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DeepMind founder says AI existential risk ‘completely bonkers distraction’

DeepMind founder says AI existential risk ‘completely bonkers distraction’


Elon Musk has repeatedly referred to AI as a “civilizational risk.” Geoffrey Hinton, one of the founding fathers of AI research, changed his tune recently, calling AI an “existential threat.” And then there’s Mustafa Suleyman, cofounder of DeepMind, a firm formerly backed by Musk that has been on the scene for over a decade, and coauthor of the newly released “The Coming Wave: Technology, Power, and the Twenty-first Century’s Greatest Dilemma.” One of the most prominent and longest-tenured experts in the field, he thinks such far-reaching concerns aren’t as pressing as others make them out to be, and in fact, the challenge from here on out is pretty straightforward.

The risks posed by AI have been front and center in public debates throughout 2023 since the technology vaulted into the public consciousness, becoming the subject of fascination in the press. “I just think that the existential-risk stuff has been a completely bonkers distraction,” Mustafa told MIT Technology Review last week. “There’s like 101 more practical issues that we should all be talking about, from privacy to bias to facial recognition to online moderation.”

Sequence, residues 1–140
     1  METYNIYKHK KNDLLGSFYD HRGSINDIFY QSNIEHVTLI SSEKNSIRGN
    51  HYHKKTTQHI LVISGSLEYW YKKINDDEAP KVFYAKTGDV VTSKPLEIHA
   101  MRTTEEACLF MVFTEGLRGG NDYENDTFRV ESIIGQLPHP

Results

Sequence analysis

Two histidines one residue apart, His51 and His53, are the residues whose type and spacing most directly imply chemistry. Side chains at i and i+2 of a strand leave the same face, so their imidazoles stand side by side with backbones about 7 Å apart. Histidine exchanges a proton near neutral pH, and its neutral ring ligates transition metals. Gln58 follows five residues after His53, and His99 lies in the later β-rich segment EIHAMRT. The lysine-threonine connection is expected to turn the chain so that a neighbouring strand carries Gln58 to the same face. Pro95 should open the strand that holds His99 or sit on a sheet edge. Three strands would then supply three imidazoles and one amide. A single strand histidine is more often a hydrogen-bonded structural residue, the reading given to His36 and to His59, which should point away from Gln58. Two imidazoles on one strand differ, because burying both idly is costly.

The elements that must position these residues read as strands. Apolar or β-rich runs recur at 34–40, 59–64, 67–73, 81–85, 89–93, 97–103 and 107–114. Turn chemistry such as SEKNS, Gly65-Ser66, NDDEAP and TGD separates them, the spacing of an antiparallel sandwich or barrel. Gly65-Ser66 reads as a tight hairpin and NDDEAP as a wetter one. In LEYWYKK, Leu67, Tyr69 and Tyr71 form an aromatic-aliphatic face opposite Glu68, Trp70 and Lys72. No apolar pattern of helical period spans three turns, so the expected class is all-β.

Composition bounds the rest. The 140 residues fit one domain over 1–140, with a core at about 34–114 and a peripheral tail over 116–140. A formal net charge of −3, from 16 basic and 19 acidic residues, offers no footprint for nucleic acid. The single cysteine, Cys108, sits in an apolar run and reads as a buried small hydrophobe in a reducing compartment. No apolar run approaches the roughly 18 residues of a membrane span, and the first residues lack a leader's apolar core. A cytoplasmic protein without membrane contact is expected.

The most pressing issue, in particular, should be regulation, he says. Suleyman is bullish on government’s across the world being able to effectively regulate AI. “I think everybody is having a complete panic that we’re not going to be able to regulate this,” Suleyman said. “It’s just nonsense. We’re totally going to be able to regulate it. We’ll apply the same frameworks that have been successful previously.”

His conviction is in part borne of the successful regulation of past technologies that were once considered cutting edge such as aviation and the internet. He argues: Without proper safety protocols for commercial flights, passengers would have never trusted airlines, which would have hurt business. On the internet, consumers can visit a myriad of sites but activities like selling drugs or promoting terrorism are banned—although not eliminated entirely.